With cars built since about 2000 a slightly different system applies. When you press the AC button the aircon is not turned on until the computer which regulates much of the cars function gives it's permission. This computer looks at many of the sensors that it is monitoring and decides whether it is appropriate to allow the AC to operate. For example it will check the ambient temperature, the engine coolant temperature, maybe the engine speed and others to see if it is safe to run the compressor. If it considers it safe it will instruct another computer which is programmed to run the heating and airconditioning system to begin operation of the cooling function. Most of these more modern cars will use a compressor which is not equipped with an electric clutch but one that is continuously variable by means of electronic signals from the computer dedicated to the heating and AC control. This same computer will also control the operation of the radiator/condenser fans to obtain maximum efficiency.

The temperature of the evaporator (the heat-exchanger inside the cabin) is usually maintained at just over freezing point either by a thermostat or a sensor or by a switch or a valve that controls the pressure and thence the temperature. This reservoir of coldness may now be blown in to the cabin very quickly or only gradually, depending on the settings you have chosen.

This description of a typical AC system is sufficiently accurate for illustration but some slight differences may be obvious in your own vehicle. Compressors are probably the component which seemed to have changed the most. For most of the past 30 years most cars have used a fixed displacement compressor which has been switched alternatively on and off to regulate the amount of refrigerant being compressed. The majority of modern European and Far Eastern cars now use a much more sophisticated compressor which runs continuously, varying the amount of refrigerant being compressed to suit the load placed upon it. This was achieved by using the gas pressure in the evaporator to operate a valve to vary the quantity compressed. After about 2004 full electronic control of the whole AC system became more common so that now many compressors and fans are controlled electronically, pressure switches have been replaced by pressure sensors, temperature sensors have replaced simple thermostats and some compressors do not even have a clutch mechanism.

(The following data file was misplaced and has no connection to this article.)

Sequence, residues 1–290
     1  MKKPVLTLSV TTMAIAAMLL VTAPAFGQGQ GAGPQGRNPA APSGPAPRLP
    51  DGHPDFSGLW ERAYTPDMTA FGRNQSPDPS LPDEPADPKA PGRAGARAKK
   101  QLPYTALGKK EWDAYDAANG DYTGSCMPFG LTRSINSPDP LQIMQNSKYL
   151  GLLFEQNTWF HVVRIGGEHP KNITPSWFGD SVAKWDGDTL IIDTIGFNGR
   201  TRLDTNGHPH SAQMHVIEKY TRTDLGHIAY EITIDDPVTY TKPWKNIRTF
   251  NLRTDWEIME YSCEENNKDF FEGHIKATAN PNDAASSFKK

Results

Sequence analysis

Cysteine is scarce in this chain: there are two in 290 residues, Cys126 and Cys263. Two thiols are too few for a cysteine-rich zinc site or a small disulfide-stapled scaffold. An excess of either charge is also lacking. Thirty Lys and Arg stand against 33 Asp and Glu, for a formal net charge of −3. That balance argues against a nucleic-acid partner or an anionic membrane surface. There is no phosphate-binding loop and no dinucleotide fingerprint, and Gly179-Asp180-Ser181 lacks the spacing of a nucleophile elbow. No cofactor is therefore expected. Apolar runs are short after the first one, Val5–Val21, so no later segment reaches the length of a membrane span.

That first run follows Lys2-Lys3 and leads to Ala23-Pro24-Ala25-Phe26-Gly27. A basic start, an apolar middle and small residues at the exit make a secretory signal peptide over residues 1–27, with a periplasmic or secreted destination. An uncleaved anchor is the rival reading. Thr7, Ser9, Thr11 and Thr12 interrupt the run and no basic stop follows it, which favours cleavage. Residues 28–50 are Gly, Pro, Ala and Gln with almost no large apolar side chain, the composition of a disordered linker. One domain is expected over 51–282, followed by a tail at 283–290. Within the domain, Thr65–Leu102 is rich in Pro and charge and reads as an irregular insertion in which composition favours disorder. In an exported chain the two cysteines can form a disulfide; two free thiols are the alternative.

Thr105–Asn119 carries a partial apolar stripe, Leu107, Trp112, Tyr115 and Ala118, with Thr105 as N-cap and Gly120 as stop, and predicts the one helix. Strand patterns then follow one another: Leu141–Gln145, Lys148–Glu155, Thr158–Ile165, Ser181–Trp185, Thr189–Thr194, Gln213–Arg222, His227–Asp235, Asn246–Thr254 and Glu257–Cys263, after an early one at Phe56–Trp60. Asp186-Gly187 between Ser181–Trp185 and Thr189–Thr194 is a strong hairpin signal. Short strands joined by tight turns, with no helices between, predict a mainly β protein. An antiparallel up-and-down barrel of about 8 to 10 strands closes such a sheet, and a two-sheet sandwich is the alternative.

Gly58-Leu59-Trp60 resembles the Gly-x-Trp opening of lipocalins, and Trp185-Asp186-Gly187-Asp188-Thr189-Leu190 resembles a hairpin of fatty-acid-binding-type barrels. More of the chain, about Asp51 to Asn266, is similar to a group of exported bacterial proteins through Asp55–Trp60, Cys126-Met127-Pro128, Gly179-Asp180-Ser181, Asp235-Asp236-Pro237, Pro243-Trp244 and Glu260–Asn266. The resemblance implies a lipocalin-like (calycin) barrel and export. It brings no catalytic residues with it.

One factor particularly important in the UK but often ignored is the ability to seriously reduce the amount of humidity in the air entering the car. By drying the air it feels so much fresher and causes far less perspiration. The evidence of this is the frequent puddles which appear under the car once you have stopped. If this condensate had not been removed then the occupants would have sweated. I keep remembering what a grandmother kept telling me - "Animals sweat, Men perspire and Ladies get gently warm".

 

Compressor

This photo is of a compressor placed in front of a condenser. The Sanden SD7V16 is a typical Variable Displacement Compressor as used on say Seat Alhambra, Peugeot 406, VW Golf (Mk IV), some Ford Galaxy and some Citroen C5 models and many other cars including Rolls Royce and Bentley over the past 20 years. Although pulley sizes may vary by model as may the pipe fixings, the basic configuration is identical. This is a seven cylinder compressor with a swash plate which can vary its angle, depending on the suction pressure thus changing the length of stroke of the pistons (allowing more or less gas to be compressed at any one time). In this way the compressor runs continuously from the time it is switched on until it is switched off but reduces the quantity of refrigerant compressed as the car becomes adequately cool. Although very slightly dated this is an extremely efficient and economic compressor and utilises an electric clutch. This type of compressor immediately preceeded the current electronically controlled compressor.

The compressor above is photographed immediately in front of a typical condenser (in this case both compressor and condenser are from the same vehicle a Ford Galaxy with a diesel engine).

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Condenser

One of the most consistent surprises for most car owners is to realise that what they are looking at is the condenser. Time after time I hear "Good heavens, I didn't realise that that was the condenser - I thought that was the front of the radiator". Most owners are surprised to find that the condenser is usually the same size as the radiator, if a little less thick. See the photo just above, as can be seen the condenser is constructed from aluminium as are most condensers today. This particular one is known as a multiflow type and has a built in receiver drier (the bulbous tube on the left) and is built for the Ford Galaxy, the VW Sharan and the Seat Alhambra.